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Ridgefield Girl Scout Promotes Education In Africa To Earn Gold Award

Georgianna Wood of Ridgefield has earned the Girl Scout Gold Award, the highest award in Girl Scouting.
Georgianna Wood of Ridgefield has earned the Girl Scout Gold Award, the highest award in Girl Scouting. Photo Credit: Contributed
A total of 86 Girl Scouts earned their Gold Awards for the Class of 2016, including 40 from Fairfield County.
A total of 86 Girl Scouts earned their Gold Awards for the Class of 2016, including 40 from Fairfield County. Photo Credit: Girl Scouts of Connecticut

RIDGEFIELD, Conn. — Georgianna Wood of Ridgefield has earned the Girl Scout Gold Award, the highest award in Girl Scouting.

To earn her Gold Award, Wood wanted to give women in Africa the opportunity to go to school, so she traveled to Africa and interacted with a number of women at Africa University, giving them hope and confidence to keep moving forward despite any societal pressures or obstacles.

In the U.S., she held three community-wide awareness sessions and collected USB drives to send to students at AU so they can continue their work. She continued to follow up with the students for eight weeks after the program.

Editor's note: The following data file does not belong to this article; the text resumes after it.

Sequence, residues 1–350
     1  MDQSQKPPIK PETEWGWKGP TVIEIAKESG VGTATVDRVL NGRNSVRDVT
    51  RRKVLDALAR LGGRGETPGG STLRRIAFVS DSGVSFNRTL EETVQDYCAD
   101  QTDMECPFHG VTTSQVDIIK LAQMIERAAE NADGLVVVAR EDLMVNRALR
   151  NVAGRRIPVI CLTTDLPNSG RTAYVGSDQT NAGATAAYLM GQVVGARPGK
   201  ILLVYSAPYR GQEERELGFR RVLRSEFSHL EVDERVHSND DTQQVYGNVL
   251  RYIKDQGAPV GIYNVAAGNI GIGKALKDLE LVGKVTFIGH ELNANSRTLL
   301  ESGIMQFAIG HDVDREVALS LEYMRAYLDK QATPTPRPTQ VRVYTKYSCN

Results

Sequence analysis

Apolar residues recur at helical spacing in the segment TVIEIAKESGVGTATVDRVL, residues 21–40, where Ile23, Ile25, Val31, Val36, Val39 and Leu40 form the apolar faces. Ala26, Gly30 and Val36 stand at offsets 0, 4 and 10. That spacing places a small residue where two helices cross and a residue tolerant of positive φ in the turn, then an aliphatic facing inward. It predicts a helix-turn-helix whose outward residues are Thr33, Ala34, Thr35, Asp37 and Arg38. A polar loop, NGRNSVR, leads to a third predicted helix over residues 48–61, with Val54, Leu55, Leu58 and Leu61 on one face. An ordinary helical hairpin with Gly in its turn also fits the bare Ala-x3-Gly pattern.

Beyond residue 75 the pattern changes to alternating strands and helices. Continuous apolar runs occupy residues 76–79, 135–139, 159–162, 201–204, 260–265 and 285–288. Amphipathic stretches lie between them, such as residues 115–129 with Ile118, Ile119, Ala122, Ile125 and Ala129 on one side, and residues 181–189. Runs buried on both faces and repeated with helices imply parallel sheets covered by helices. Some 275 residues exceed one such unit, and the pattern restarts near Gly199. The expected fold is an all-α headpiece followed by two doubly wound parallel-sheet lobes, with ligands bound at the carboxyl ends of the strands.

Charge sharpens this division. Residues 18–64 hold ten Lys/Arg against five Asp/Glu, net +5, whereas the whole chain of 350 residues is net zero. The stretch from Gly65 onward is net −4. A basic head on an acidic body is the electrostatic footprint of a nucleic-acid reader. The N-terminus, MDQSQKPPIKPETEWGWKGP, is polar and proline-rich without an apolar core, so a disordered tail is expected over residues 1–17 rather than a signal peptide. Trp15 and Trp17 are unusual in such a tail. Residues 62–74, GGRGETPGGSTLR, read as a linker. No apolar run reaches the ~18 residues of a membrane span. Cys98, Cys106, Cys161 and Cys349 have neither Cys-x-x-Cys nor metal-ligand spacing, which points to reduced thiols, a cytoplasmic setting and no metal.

The women she spoke to at the university promised that they would continue to encourage younger women in their communities to pursue a higher education.

She plans to become a mechanical engineer when she attends college.

Celebrating its 100th Anniversary this year, the Gold Award requires a high school age Girl Scout to spend at least 80 hours researching issues, assessing community needs and resources, building a team and making a sustainable impact in the community.

A Gold Award recipient’s accomplishments reflect leadership and citizenship skills that set her apart as a community leader. Nationally, only 6 percent of Girl Scouts earn the Gold Award.

The Girl Scouts all began more than 100 years ago with one woman, Juliette Gordon Low, who believed in the power of one girl. Girl Scouts of Connecticut are now more than 52,000 members strong. They are part of a sisterhood of 2.7 million around the globe.

“Since 1916, approximately 1 million Girl Scouts have made a sustainable impact in their communities,” said Mary Barneby, CEO of Girl Scouts of Connecticut. “We are so thrilled to honor a record number of girls this year and we are excited to see how many more incredible young women will continue to change the world in the next 100 years.”

For more information about the Gold Award or how to become a Gold Award volunteer or mentor, click here.

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